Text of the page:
On Friday, climate activists in Berlin marched to the German Chancellery, calling on the federal government to quit arguing and agree on its proposed climate policy.
Activists in Berlin protested on Friday against a climate bill they say has been watered down.
In April, Germany's governing coalition agreed on a draft bill that proposed that all new heating systems installed in households must run on 65 per cent renewable energy from 2024.
Proposed by the Green party, the 'Building Energy Law' seeks to wean the country off oil and gas. Its implementation would be part of a larger plan to make the country climate neutral by 2045.
However, the bill has become a bone of contention in the Bundestag. In its corner of the coalition, the neoliberal Free Democratic Party (FDP), pulled back on their end of the bargain, citing that it will be too expensive to implement.
The draft bill showed that a shift to more renewable energy sources would cost the federal government over €9 billion.
German Chancellor Olaf Scholz's Social Democratic Party (SPD) also insisted that the law ensure that the new heating systems be affordable for low-income families. But this too also drew criticism from the FDP.
The German Economy and Climate Protection Minister Robert Habeck's original plan was to distribute subsidies on the basis of income. The FDP though insist that subsidies be shared equally regardless of differing income levels, rich or poor.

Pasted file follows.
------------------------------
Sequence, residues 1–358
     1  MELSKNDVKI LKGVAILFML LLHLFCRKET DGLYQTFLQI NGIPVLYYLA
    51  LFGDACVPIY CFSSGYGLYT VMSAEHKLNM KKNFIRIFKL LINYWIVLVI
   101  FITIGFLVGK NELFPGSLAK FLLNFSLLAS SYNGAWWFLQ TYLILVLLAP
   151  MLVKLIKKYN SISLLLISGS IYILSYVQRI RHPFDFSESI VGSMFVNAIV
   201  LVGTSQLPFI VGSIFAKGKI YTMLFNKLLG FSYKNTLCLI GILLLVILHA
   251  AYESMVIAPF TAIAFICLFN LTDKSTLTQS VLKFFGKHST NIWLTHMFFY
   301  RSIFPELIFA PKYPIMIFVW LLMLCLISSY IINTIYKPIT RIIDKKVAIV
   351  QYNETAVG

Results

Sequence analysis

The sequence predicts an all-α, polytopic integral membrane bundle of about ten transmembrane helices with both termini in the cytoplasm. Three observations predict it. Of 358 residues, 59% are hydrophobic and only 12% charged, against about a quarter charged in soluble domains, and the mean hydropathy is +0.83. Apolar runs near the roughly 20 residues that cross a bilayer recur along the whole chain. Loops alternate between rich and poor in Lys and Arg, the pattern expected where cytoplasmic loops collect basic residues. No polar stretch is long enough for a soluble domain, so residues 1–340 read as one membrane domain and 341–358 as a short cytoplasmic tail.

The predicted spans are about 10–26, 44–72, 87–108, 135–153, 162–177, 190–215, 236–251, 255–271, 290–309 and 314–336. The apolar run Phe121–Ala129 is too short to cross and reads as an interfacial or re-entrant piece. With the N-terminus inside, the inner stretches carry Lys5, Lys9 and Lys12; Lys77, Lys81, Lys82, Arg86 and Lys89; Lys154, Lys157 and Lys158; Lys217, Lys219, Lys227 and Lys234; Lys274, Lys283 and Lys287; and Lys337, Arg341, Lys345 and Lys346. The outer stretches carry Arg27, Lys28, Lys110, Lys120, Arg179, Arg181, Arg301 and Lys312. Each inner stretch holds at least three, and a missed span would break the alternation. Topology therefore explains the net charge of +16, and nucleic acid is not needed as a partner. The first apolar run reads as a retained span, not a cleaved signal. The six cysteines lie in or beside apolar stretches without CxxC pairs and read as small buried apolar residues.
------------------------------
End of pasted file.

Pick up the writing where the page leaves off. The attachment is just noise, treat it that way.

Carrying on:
Climate activist group 'Fridays for Future' thus took to the streets, before the summer parliamentary recess, in a bid to the federal government's blockade on climate policy.
According to the group, more than 700 demonstrators marched from the FDP federal office to the Federal Chancellery.
Activists argue that the FDP's stance is unacceptable for a wealthy Western nation.
“There are many homeowners that are able, financially able to do this change on their own but there are many others that are not," Mathias Walter a board member of Environmental Action Germany told Euronews.
"The federal government has to give them the money to do so, we can’t leave anyone behind but we need this change and we have the financial options in Germany to do so,” Walter added.
Two homeowners who spoke to Euronews said they didn’t believe there was enough financial support to help people transition from traditional heating sources.
Another homeowner who uses a heating pump in her home said she was glad she had one, especially with the rising gas prices.
But she said many are struggling to find workers who can install the more climate-friendly models.
An agreement on the bill took the government months to negotiate. There were even concerns that the coalition could split over the issue.
The FDP declined Euronews' requests for an interview.